Interview: Danny O'Brien of the Electronic Frontier Foundation

Tuesday, January 24, 2006

January's second Interview of the Month was with Danny O'Brien of the Electronic Frontier Foundation (EFF) on 23 January in IRC.

The EFF is coming off a series of high-profile successes in their campaigns to educate the public, press, and policy makers regarding online rights in a digital world, and defending those rights in the legislature and the courtroom. Their settlement with Sony/BMG, the amazingly confused MGM v Grokster decision by the Supreme Court of the United States, and the disturbing cases surrounding Diebold have earned the advocacy organization considerable attention.

When asked if the EFF would be interested in a live interview in IRC by Wikinews, the answer was a nearly immediate yes, but just a little after Ricardo Lobo. With two such interesting interview candidates agreeing so quickly, it was hard to say no to either so schedules were juggled to have both. By chance, the timing worked out to have the EFF interview the day before the U.S. Senate schedule hearings concerning the Broadcast flag rule of the FCC, a form of digital rights management which the recording and movie industries have been lobbying hard for - and the EFF has been lobbying hard to prevent.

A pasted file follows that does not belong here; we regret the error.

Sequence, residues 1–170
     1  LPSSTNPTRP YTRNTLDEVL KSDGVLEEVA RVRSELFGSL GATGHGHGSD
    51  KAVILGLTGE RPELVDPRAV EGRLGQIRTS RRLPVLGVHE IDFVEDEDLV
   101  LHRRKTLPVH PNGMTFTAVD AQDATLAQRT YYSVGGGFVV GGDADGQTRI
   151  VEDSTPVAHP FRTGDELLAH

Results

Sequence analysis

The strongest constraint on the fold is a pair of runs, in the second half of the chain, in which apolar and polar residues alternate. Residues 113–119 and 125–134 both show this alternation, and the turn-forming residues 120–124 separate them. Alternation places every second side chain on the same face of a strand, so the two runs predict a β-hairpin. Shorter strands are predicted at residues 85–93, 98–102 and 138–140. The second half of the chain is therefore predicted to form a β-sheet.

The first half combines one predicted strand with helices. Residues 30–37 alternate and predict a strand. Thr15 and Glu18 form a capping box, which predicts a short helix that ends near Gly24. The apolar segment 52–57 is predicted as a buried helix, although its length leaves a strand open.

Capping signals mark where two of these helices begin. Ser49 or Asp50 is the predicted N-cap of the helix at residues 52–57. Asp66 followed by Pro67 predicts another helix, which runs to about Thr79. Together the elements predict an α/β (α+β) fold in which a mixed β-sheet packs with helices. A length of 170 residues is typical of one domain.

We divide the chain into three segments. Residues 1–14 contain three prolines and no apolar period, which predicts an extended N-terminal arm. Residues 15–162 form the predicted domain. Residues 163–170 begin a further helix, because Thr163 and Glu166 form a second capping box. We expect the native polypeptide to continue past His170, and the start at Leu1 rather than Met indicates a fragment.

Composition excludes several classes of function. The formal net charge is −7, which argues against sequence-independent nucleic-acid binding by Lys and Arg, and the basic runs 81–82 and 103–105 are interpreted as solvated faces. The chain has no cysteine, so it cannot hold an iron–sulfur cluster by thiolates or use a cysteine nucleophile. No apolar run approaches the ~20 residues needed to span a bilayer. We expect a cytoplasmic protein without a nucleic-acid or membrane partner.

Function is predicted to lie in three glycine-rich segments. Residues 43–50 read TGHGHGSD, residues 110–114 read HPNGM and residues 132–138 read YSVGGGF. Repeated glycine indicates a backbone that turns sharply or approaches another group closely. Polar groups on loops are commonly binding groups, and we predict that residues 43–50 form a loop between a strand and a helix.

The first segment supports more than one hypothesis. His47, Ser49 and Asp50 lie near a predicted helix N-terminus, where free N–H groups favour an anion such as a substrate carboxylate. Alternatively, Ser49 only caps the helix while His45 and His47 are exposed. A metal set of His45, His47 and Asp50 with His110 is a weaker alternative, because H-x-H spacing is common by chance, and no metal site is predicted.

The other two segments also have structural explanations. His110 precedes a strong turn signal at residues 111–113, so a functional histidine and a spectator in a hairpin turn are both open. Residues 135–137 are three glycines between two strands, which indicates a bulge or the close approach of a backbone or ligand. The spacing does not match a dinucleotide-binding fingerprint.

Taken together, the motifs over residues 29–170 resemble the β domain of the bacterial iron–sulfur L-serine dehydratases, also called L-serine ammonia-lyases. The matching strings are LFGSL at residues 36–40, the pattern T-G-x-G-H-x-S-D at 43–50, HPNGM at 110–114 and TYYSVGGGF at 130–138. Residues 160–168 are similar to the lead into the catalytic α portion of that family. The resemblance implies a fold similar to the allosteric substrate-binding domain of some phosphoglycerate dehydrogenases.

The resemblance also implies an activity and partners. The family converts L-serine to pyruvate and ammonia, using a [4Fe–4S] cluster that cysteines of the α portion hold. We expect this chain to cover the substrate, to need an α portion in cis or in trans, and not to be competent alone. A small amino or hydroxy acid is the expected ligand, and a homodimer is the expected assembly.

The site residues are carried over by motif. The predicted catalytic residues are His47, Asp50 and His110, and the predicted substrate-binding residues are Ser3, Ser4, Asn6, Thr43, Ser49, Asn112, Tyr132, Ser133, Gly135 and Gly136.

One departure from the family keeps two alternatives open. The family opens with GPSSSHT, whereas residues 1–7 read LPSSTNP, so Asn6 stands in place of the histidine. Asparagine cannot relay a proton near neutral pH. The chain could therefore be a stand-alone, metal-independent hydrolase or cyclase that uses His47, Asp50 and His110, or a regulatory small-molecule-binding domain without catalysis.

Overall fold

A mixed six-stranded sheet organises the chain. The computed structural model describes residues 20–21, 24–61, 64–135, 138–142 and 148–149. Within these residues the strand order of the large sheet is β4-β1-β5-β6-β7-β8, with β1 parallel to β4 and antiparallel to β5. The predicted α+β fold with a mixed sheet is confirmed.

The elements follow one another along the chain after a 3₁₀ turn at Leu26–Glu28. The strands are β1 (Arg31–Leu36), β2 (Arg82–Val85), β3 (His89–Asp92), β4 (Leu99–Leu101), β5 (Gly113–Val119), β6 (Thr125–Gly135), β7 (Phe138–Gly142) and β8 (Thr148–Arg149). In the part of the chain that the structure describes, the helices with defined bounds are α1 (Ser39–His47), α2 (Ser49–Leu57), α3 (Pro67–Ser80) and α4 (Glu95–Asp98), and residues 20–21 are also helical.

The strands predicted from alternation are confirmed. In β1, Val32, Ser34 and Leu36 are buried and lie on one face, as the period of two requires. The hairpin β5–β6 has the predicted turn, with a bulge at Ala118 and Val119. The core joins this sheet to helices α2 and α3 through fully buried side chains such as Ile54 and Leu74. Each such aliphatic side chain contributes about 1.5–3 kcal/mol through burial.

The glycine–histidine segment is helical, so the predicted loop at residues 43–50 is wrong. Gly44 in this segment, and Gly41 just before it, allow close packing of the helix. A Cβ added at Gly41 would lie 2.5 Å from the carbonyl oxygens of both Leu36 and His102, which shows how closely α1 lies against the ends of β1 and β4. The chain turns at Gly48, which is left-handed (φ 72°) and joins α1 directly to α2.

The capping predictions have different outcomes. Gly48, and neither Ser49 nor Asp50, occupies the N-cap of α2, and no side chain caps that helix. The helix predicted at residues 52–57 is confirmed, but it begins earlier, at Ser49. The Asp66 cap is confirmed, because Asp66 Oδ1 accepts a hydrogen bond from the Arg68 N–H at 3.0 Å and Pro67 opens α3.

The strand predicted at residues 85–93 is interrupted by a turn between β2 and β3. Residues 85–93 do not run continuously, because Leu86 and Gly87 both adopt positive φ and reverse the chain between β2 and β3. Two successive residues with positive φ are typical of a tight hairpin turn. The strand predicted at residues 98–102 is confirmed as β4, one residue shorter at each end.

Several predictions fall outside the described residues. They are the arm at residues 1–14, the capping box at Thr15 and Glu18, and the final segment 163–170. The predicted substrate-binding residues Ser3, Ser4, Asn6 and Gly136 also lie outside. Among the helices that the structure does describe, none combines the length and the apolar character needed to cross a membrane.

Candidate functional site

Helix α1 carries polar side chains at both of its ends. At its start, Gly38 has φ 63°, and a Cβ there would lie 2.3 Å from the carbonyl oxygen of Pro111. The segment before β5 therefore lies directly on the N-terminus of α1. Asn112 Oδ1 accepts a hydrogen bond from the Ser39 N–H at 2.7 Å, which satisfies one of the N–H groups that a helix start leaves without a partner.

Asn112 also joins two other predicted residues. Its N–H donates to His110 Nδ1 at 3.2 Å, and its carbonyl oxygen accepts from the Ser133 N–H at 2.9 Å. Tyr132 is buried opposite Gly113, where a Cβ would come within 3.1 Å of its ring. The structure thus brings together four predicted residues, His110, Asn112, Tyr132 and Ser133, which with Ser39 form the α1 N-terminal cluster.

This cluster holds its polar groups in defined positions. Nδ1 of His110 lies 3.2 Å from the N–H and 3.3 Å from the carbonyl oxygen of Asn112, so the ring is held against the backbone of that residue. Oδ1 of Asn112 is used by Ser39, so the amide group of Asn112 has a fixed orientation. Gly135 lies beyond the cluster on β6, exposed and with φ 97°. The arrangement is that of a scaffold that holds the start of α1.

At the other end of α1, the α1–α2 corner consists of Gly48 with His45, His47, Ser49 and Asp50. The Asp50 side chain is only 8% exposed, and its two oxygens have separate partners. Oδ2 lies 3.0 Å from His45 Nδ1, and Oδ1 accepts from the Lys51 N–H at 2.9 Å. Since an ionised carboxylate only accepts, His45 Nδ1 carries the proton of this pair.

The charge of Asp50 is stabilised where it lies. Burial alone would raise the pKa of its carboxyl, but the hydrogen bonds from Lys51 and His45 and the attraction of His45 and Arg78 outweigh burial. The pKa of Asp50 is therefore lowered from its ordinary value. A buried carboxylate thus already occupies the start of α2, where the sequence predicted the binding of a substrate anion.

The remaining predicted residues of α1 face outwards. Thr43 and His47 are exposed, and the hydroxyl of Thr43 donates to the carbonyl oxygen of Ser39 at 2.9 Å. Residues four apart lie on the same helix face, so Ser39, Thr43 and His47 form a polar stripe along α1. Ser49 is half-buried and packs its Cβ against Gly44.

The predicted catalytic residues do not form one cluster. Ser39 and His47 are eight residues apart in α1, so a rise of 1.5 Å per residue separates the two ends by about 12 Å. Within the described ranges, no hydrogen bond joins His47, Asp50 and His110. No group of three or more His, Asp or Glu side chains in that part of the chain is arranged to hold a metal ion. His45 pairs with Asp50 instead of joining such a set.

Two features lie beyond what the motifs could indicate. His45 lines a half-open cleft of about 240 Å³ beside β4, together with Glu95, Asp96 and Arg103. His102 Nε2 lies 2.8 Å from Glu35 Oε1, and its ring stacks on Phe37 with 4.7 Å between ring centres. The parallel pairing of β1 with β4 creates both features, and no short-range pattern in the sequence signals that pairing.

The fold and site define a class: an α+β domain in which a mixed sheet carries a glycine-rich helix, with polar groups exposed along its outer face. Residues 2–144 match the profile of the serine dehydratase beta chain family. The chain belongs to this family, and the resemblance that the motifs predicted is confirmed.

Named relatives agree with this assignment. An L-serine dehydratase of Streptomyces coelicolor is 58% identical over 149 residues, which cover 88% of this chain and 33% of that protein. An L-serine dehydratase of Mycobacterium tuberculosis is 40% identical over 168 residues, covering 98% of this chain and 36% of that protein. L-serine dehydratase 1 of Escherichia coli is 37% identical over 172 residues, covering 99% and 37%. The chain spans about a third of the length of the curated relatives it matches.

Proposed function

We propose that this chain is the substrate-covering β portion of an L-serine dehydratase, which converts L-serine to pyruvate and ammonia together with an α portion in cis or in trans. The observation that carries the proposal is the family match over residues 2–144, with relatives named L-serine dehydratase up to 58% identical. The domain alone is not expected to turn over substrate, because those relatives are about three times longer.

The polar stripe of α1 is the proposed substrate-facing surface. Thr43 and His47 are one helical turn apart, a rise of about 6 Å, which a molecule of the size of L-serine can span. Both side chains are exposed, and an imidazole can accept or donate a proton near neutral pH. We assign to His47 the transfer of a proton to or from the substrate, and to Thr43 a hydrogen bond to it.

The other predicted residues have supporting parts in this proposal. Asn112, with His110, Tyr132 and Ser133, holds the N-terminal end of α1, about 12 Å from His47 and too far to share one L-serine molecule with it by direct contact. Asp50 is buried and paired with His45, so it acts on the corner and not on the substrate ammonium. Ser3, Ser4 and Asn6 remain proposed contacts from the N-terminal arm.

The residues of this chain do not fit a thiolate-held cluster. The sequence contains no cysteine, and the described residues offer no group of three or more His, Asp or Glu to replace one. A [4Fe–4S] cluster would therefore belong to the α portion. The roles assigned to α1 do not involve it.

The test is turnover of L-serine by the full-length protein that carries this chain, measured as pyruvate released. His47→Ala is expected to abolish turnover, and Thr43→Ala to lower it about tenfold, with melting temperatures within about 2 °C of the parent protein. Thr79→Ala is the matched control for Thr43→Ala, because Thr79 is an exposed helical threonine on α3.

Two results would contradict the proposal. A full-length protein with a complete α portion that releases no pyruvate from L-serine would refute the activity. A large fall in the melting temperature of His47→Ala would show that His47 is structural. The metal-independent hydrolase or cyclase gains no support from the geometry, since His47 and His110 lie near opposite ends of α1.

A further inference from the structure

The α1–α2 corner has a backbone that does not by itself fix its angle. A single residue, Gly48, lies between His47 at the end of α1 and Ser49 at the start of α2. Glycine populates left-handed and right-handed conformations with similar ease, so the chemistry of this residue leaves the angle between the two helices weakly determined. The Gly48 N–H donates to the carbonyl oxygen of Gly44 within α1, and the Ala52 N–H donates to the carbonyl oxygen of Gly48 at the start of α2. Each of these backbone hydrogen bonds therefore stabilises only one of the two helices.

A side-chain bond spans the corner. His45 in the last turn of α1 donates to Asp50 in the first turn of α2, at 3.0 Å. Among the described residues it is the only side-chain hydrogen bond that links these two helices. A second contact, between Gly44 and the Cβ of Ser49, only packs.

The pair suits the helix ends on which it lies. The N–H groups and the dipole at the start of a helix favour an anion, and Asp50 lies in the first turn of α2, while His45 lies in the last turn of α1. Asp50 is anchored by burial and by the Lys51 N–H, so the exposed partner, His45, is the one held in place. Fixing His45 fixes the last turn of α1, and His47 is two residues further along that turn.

Interview questions


[Wikinews] I'd like to jump into some direct questions which were suggested by people on the research page. These first ones relate to the US government and online privacy.
Since 9/11 the US administration has been progressively violating privacy standards in online communications, including circumventing its own surveillance laws and developing—and possibly implementing—the Total Information Awareness project. What is EFF's position regarding government monitoring of private communications such e-mail, instant messaging, and voice over IP?
[Danny O'Brien] Since the very beginning, the EFF has worked hard to keep the traditional laws regarding wiretapping and monitoring away from the Internet, not just because we believe in strong 4th Amendment rights but because technologically, a wiretap on an individual line is miles away from what is needed to do the equivalent on the Internet. That's why, for instance, we fought against CALEA being extended to the Net, and why we're fighting the FCC's extension of it now.
A lot of simple approaches to surveillance that the gov't would like to take are far from reasonable, to use the language of the 4th amendment.
I should say that I'm using American examples here, but we're obviously concerned more generally.
[Wikinews] A related question - Will EFF be involved in cases, even as amicus, such as the cases filed by ACLU Detroit and the Center for Constitutional Rights New York, which allege the National Security Agency violated US law prohibiting wiretaps without a warrant?